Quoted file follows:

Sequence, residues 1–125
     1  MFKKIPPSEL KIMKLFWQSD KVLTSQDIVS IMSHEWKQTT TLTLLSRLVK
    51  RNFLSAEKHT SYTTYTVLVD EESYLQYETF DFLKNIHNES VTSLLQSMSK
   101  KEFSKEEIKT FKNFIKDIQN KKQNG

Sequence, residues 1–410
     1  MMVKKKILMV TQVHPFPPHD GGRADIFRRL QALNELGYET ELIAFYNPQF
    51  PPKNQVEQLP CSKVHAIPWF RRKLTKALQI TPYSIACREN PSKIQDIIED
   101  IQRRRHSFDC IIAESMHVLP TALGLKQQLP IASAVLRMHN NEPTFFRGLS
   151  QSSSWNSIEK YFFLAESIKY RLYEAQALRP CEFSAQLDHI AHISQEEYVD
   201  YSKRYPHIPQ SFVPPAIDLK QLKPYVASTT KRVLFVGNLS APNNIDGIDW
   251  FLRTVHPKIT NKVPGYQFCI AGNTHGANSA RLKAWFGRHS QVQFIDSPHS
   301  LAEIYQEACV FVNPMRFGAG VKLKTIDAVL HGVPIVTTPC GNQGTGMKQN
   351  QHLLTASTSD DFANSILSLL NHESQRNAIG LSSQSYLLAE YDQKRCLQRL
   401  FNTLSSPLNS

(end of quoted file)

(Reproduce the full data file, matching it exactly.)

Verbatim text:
Sequence, residues 1–125
     1  MFKKIPPSEL KIMKLFWQSD KVLTSQDIVS IMSHEWKQTT TLTLLSRLVK
    51  RNFLSAEKHT SYTTYTVLVD EESYLQYETF DFLKNIHNES VTSLLQSMSK
   101  KEFSKEEIKT FKNFIKDIQN KKQNG

Sequence, residues 1–410
     1  MMVKKKILMV TQVHPFPPHD GGRADIFRRL QALNELGYET ELIAFYNPQF
    51  PPKNQVEQLP CSKVHAIPWF RRKLTKALQI TPYSIACREN PSKIQDIIED
   101  IQRRRHSFDC IIAESMHVLP TALGLKQQLP IASAVLRMHN NEPTFFRGLS
   151  QSSSWNSIEK YFFLAESIKY RLYEAQALRP CEFSAQLDHI AHISQEEYVD
   201  YSKRYPHIPQ SFVPPAIDLK QLKPYVASTT KRVLFVGNLS APNNIDGIDW
   251  FLRTVHPKIT NKVPGYQFCI AGNTHGANSA RLKAWFGRHS QVQFIDSPHS
   301  LAEIYQEACV FVNPMRFGAG VKLKTIDAVL HGVPIVTTPC GNQGTGMKQN
   351  QHLLTASTSD DFANSILSLL NHESQRNAIG LSSQSYLLAE YDQKRCLQRL
   401  FNTLSSPLNS